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Best Laid Plans

Newborn baby love

Gazing at my newborn son’s perfect head

Yesterday, upon reading a friend’s account of her newborn daughter’s birth story, I couldn’t help but think about best laid plans, and how often they veer off course. And, how perfectly the phrase about best laid plans captures the always-going-awry world of parenthood.

This friend of mine planned for her baby’s delivery more meticulously than anyone I know. She chose her natural birthing center long before she ever became pregnant and did everything possible to ensure the most natural experience possible.

And yet, she could never have planned for the many complications she endured throughout her pregnancy, including a bicornuate uterus, a potentially breech baby and “unstable lie”, a constantly flip-flopping fetus and an external cephalic version. (You’re not alone: I had never heard of most of those things before either.)

Unfortunately, all her careful planning went out the window when her baby first decided to wait until more than a week past her due date to arrive, and then showed signs of distress during the slowly developing labor. Despite months of preparing for a natural, drug-free birth, my poor friend found herself being wheeled down the hallway for an emergency C-section.

Best laid plans: how they do go awry.

Parenthood is full of plans gone amiss; it’s almost as if labor and delivery are nature’s way of preparing you for a life filled with the unexpected.

I had my own best laid plans for my son’s delivery, most of which went out the window in the 41st week of my pregnancy. I had intended to let him arrive on his own schedule, until we went for a 41-week ultrasound and were (mis)informed by an overzealous technician that our baby was already weighing in at nine pounds (“And growing more each day!”).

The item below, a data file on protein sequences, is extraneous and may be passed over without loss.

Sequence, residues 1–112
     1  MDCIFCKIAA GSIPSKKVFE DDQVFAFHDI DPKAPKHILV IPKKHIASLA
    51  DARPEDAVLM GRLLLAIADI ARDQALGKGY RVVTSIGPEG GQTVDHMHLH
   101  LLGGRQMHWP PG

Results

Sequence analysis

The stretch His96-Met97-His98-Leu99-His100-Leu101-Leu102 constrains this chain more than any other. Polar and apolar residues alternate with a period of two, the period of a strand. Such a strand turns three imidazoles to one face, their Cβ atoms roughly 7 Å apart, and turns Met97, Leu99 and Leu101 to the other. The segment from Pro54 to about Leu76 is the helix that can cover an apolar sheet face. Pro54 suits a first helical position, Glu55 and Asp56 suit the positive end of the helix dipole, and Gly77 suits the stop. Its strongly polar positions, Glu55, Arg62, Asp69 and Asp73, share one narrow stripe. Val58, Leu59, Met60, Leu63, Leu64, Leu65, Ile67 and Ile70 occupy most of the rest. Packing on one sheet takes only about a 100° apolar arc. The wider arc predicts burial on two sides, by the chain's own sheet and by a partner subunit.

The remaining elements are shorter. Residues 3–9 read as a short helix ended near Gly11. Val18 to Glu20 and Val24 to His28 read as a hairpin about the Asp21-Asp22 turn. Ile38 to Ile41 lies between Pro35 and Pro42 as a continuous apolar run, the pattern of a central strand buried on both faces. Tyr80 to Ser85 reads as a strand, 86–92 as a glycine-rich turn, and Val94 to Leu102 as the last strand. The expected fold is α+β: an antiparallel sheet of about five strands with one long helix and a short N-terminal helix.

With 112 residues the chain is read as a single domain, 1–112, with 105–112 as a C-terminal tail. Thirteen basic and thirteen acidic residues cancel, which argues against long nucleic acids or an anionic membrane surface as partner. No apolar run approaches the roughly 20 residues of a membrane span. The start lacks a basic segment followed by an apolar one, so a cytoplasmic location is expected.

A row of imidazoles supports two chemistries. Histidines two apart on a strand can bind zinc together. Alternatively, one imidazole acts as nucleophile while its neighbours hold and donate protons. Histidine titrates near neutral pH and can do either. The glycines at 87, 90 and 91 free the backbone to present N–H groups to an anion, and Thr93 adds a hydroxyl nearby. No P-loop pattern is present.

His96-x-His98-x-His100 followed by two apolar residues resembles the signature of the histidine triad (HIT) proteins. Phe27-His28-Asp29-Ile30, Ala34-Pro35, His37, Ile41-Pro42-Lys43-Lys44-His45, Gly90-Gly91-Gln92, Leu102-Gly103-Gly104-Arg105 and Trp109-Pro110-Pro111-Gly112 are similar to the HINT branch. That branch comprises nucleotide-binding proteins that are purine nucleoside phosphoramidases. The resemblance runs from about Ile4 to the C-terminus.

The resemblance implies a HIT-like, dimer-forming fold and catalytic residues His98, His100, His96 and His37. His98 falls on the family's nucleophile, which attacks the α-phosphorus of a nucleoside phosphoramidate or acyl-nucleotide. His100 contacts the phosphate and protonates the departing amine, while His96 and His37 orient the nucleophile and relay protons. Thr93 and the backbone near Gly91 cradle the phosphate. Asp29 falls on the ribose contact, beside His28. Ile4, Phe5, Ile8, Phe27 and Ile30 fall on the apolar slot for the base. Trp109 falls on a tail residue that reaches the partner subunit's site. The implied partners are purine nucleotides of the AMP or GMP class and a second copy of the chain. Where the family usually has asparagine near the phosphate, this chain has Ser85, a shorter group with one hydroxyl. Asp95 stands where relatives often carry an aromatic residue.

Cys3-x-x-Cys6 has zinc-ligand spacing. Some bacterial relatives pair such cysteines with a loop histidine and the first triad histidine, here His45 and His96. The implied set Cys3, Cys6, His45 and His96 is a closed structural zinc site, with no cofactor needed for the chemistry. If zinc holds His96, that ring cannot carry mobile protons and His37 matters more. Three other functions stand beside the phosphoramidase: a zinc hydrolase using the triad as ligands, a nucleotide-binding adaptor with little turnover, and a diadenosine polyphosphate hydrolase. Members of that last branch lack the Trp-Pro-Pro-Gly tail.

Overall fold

While my husband and I were thrilled to have such a healthy and vital baby, I became terrified for the labor I was already dreading. Two days later, in the darkness of night, my husband and I checked in for an induction with enough luggage for a three-week stay.

And once again, my carefully laid plans unraveled, one by one.

It turned out that labor was a far cry from what we saw in a series of horrifying videos shown at our childbirth preparation class. My experience was nothing like that of the overalls-wearing mom (seriously, who gives birth wearing overalls?), who walked the hospital corridors and brayed loudly while rolling around on a yoga ball.

Within moments of arriving at the hospital, I was given a hospital gown to wear, hooked up to a monitor and prepped for an IV. So much for the socks and tennis shoes I prudently packed so I could walk the halls and undergo natural childbirth. So much for the birthing ball, which we never unpacked from the car (given the other six bags we dragged into the facility). So much for the Jacuzzi tub I was so excited about, which never saw a drop of water during our entire stay.

Since that day, there have been plenty of other best laid plans.

There was the Superbowl party we tried to attend, only to have my usually happy 3 ½-month-old son launch into hysterics just as we pulled into the driveway. (Little did those partygoers know there was a woman frantically trying to breastfeed a manic baby only steps from the front door.)

There was my snobby attitude toward baby formula, which ended up being a lifesaver in the post-partum days when my son and I struggled mightily with breastfeeding.

There have been numerous cancelled plans, countless ruined outfits, endless missed opportunities.